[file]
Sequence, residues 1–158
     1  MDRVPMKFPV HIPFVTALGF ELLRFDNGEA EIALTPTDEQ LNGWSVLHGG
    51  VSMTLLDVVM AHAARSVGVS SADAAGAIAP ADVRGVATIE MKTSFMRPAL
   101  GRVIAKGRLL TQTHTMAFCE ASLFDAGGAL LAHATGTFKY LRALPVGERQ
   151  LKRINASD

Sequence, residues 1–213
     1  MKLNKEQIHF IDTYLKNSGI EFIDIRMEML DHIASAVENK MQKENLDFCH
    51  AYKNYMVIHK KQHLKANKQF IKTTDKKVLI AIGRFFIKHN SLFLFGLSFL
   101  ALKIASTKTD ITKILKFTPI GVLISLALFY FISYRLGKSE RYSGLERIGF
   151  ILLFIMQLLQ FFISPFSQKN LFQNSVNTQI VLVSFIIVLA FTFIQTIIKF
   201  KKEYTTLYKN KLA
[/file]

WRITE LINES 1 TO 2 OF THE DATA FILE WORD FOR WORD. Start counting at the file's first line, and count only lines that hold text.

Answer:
Sequence, residues 1–158
     1  MDRVPMKFPV HIPFVTALGF ELLRFDNGEA EIALTPTDEQ LNGWSVLHGG